Despite no apparent progress in the investigation into the killing of Baltimore homicide detective Sean Suiter, police say they do not consider it a “cold case.”
Baltimore police chief spokesman T.J. Smith said police continue to receive information in the nearly three-month-old case.
“People are still calling us and telling us things we’re checking out. Nothing has led to an identification or arrest of the person responsible, but we’re encouraged that people are still calling in,” Smith said. “The fact that there’s information that comes in that allows people to follow up, it’s not cold.”
Suiter was shot in the head in a vacant lot in West Baltimore on Nov. 15, and died the next day. Suiter was set to testify on Nov. 16 in front of a federal grand jury investigating a 2010 case in which drugs were planted on a man, and Police Commissioner Kevin Davis later asked the FBI to take over the investigation into Suiter’s death.
Police said on Dec. 27 that the bureau had rejected the request, saying it had no evidence to suggest Suiter’s death was “directly connected” to the corruption probe or any other federal case.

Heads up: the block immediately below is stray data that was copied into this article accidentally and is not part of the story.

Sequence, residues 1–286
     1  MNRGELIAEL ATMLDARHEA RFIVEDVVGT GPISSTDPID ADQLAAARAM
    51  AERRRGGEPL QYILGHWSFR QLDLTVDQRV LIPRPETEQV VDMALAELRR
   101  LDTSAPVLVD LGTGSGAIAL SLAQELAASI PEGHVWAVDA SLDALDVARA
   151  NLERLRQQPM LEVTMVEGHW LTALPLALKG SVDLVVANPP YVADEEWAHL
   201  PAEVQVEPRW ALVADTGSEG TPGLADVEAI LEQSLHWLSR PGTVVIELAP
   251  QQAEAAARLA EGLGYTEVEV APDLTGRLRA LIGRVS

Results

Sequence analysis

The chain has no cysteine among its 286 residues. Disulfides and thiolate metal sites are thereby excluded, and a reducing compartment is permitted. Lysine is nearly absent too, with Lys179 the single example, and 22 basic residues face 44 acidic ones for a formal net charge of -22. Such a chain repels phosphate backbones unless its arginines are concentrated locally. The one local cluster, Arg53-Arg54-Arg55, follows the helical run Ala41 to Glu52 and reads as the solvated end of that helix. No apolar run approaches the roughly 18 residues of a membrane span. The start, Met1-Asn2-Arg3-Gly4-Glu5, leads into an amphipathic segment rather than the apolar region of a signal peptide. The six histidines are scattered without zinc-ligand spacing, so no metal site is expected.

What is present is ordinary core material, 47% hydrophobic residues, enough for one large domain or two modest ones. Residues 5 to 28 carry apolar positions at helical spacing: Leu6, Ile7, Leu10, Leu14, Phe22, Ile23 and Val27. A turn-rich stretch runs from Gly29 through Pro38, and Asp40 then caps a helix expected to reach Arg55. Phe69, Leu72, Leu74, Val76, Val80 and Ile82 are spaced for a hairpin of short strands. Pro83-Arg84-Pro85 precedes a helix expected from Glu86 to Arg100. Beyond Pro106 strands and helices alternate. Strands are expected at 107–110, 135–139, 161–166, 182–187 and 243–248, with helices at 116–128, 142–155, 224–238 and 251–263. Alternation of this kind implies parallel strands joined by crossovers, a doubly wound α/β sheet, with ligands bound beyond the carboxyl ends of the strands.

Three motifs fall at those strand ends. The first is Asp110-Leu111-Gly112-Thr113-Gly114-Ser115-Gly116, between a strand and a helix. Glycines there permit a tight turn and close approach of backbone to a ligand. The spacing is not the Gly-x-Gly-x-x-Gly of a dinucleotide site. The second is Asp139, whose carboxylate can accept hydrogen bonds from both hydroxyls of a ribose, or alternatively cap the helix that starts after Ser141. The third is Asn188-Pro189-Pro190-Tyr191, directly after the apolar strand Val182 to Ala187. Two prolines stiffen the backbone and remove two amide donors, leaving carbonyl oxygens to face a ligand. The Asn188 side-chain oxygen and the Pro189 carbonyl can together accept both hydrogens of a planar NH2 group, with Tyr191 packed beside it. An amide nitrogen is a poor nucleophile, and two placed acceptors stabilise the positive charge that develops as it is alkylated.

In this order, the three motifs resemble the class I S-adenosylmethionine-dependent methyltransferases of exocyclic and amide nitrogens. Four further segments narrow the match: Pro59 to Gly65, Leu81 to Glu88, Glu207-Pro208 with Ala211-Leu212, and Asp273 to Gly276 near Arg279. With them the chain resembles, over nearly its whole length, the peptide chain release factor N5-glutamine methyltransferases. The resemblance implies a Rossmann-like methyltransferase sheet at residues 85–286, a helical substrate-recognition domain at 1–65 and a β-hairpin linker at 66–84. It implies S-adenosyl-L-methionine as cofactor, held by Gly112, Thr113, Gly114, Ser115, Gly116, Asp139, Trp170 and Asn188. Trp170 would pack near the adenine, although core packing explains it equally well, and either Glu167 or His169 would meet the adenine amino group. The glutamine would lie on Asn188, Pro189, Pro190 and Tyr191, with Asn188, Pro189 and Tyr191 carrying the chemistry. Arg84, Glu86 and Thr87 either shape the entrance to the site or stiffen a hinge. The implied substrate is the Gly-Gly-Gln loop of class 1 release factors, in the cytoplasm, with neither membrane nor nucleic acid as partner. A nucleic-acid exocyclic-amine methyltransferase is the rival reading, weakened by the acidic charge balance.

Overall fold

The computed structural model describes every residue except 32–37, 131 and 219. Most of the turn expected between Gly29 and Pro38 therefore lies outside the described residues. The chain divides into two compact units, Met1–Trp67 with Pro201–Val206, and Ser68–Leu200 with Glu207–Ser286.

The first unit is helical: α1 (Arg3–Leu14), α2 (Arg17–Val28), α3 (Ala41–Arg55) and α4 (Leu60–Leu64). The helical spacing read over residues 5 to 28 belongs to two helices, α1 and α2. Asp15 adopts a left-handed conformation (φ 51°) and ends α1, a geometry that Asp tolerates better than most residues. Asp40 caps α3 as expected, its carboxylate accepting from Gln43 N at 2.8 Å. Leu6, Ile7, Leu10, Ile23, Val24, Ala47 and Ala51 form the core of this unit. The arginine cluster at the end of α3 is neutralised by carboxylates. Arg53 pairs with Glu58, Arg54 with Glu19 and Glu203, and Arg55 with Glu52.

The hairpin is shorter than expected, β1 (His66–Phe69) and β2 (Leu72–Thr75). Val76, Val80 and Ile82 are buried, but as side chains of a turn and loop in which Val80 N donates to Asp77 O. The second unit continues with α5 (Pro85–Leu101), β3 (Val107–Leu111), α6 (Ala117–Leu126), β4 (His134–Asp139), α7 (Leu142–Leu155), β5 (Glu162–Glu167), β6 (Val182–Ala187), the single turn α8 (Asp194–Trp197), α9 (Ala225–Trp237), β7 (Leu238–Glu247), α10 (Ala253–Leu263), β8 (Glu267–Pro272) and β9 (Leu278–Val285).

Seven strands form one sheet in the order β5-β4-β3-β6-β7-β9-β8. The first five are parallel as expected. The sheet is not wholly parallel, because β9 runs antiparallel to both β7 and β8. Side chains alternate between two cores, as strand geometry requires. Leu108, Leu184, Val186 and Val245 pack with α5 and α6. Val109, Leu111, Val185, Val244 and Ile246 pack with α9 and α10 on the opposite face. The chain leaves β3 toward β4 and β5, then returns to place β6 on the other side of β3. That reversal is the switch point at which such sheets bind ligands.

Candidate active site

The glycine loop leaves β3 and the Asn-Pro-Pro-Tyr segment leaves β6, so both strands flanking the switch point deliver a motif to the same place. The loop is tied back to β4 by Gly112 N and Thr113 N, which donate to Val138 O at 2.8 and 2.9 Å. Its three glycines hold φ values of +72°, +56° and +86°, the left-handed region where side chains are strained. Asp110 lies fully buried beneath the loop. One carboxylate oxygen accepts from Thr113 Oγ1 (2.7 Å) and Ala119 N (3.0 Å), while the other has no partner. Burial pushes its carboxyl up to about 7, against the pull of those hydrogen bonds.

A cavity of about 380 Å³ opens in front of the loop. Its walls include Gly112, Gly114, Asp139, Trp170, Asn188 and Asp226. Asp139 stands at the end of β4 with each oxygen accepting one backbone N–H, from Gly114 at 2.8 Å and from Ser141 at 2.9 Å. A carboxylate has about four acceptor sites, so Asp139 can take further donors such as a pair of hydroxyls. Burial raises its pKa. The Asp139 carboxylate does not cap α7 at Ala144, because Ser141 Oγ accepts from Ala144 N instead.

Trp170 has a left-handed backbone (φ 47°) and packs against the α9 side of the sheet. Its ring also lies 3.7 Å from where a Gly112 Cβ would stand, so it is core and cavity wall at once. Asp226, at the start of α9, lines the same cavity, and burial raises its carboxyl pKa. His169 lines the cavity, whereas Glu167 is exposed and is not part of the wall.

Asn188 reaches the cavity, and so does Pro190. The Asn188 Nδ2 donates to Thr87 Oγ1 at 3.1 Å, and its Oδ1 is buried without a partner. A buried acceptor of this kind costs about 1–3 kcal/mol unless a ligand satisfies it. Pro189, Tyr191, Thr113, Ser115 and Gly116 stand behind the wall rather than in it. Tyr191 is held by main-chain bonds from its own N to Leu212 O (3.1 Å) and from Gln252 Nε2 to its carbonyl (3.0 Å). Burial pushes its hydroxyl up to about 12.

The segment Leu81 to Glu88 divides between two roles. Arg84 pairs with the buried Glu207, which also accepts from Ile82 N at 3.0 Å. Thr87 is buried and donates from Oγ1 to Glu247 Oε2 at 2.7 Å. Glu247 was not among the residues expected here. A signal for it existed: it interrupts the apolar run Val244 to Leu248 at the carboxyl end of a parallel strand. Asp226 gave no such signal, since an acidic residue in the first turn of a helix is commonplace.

There have been no public updates on the case since then. A $215,000 reward remains unclaimed. It is the only line-of-duty killing of a Baltimore police officer that remains unsolved.
Suiter was investigating a triple homicide when the shooting occurred in the 900 block of Bennett Place. He was shot in the head at close range with his own gun, which was recovered at the scene.
Davis has said that there was evidence of a struggle and that Suiter made a brief radio transmission in which a gunshot can be heard in the background. But others in the department have pushed a theory that Suiter may have taken his own life. The case remains classified by the state medical examiner’s office as a homicide.
Police have not released surveillance video that shows the moments before the shooting, but did not capture the shooting taking place.
“I don’t think it is of value at this point to release,” Smith said. “We’ll see how those conversations continue and if we feel it is something of value. … We haven’t gotten there yet.”